Mr Birkett also had sharp words for Defra, accusing them of ‘covering up’ the spring particle episodes whilst the country is in the midst of the pandemic.

He added that Public Health England and the Met Office should have done more to warn people about the health risks of exposure to the pollutants, whilst much of the media were hailing NO2 reductions, perhaps giving a false impression of the reality of air quality. ‘Defra systematically covers up these air pollution episodes. They do a worse than appalling job in that respect,’ he said.

Hope springs eternal

A whole country ordered to stay indoors is a dystopian nightmare for some but images of near empty thoroughfares such as the M1 is positively utopic. So what will change once it’s over? Companies have been forced to adapt and working from home has been a hit with many office workers.

A poll for Earth Day in April found that 77% of office workers believe working from home is an effective way of boosting the environment. In the same poll, workers said before coronavirus they would spend on average nearly an hour a day commuting to work, with 75% saying they felt guilty about doing so.

Simon Birkett of Clean Air In London hopes the lockdown will give time for reflection. ‘People have stopped and noticed air pollution is lower and thought about it in a way they hadn’t before,’ he says. ‘Take a deep breath, pause and ask yourself do you enjoy this? Do you enjoy a quieter city? This is something we know how to do, let’s try and head to this a bit faster.’

However, the forecasts for a post-coronavirus economy are grim, and the economic realities might not match our hopes for change. Clean Air Zones in Leeds, Birmingham and Manchester have been put on the shelf and some are worried that it might be convenient to return to bad habits to get the economy going again.

Dr Gabriel da Silva, a senior lecturer in chemical engineering at the University of Melbourne, wrote that whilst satellites have witnessed drops in air pollution ‘almost overnight’, as economies eventually recover, there is likely to be an ’emissions surge’ which will leave the environment worse off.

In his article, he pointed to the global financial crash in 2008 which was followed by a sharp rebound in pollution as the world economy recovered. He adds that there is also a risk that environmental policies will be relaxed during this time of crisis, as is already starting to happen in the US with President Trump rolling back emissions standards during the pandemic.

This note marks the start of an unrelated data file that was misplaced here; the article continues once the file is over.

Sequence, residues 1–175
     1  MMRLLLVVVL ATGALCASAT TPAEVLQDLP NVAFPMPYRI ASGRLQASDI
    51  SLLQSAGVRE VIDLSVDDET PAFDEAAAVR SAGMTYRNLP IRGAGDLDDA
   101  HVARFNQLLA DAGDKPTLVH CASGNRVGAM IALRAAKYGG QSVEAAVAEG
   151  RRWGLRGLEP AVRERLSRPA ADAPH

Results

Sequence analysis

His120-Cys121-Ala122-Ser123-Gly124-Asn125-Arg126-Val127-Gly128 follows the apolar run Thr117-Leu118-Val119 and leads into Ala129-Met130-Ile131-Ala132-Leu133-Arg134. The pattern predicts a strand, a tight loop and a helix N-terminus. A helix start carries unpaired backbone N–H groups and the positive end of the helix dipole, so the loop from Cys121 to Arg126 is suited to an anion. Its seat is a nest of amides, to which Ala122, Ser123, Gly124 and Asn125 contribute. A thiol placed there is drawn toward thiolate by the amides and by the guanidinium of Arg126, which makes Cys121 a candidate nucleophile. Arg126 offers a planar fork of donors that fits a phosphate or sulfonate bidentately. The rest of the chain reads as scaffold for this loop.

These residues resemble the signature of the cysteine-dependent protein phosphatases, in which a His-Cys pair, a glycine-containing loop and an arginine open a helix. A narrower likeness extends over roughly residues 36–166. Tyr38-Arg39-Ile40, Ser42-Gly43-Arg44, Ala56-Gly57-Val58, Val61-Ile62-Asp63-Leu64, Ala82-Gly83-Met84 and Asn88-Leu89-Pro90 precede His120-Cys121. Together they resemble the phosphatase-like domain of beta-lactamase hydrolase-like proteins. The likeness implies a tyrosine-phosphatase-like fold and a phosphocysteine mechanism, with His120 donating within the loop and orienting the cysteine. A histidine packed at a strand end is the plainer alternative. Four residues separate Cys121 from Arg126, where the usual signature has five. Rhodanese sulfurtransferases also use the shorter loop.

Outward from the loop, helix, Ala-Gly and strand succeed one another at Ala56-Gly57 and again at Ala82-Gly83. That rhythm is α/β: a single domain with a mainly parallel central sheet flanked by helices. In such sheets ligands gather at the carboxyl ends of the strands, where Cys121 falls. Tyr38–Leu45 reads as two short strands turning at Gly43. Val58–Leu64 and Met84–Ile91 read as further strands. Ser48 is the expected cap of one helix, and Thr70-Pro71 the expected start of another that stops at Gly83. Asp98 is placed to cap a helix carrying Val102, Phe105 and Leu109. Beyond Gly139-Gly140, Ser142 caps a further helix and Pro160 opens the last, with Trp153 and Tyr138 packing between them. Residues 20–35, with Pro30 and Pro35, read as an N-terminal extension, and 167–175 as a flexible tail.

In the UK, there have already been warning signs. Electric vehicle (EV) supply chains are already being significantly hit, which could ripple well into the 2020s, slowing growth in EVs when the sector badly needs to accelerate past 2019’s underwhelming 3.4% share of all vehicle sales.

With the UK and European governments spending tens of billions to rescue stricken economies, a coalition of green groups including Greenpeace, the WWF and Transport & Environment said government bailouts must be conditional on environmental and climate objectives.

Simon Birkett from Clean Air In London is fearful that the ‘free market anarchists’ in the UK cabinet could suspend all the environmental rules and regulations and essentially let the polluters do what they want.

‘We may survive the coronavirus pandemic but that would be absolutely catastrophic and the end of the planet as we know it,’ he says.

‘That is how important it is to re-engineer things wisely.

‘The problem with the climate crisis is it’s not something you can recover from, but the positives are that millions could be spent wisely. So for heaven’s sake, let’s put pressure on the government to do so.’

This article first appeared in the May issue of the Air Quality News magazine, which you can read here.

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jill Sanders
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Living midstream on a Thames island off Hampton, it is noticeable that the rain is now CLEAN. Boats and windows are not left spattered with dirty fallout following rain – indeed, we no longer need to clean them!. We are not close to traffic so this indicates to me the extent of pollutants raining down on us from the flight paths, normally in the air we breathe. What do we know about the extent of air pollution generated by Heathrow under normal circumstances? Are there studies to be found?

G. Dowling
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G. Dowling

And what about all those fashionable woodburners? Our neighbourhood is plagued by them – and chilly evenings are causing my selfish neighbour to still light up. Yet my very vulnerable husband is shielded due to chronic asthma and dementia and we breathe it in. The smell seeps into our house through air vents. Some research has suggested covid particles can attach to smoke pollution. We worry, sat trapped poisoned supposedly safe inside . And this city has a clear air zone: joke.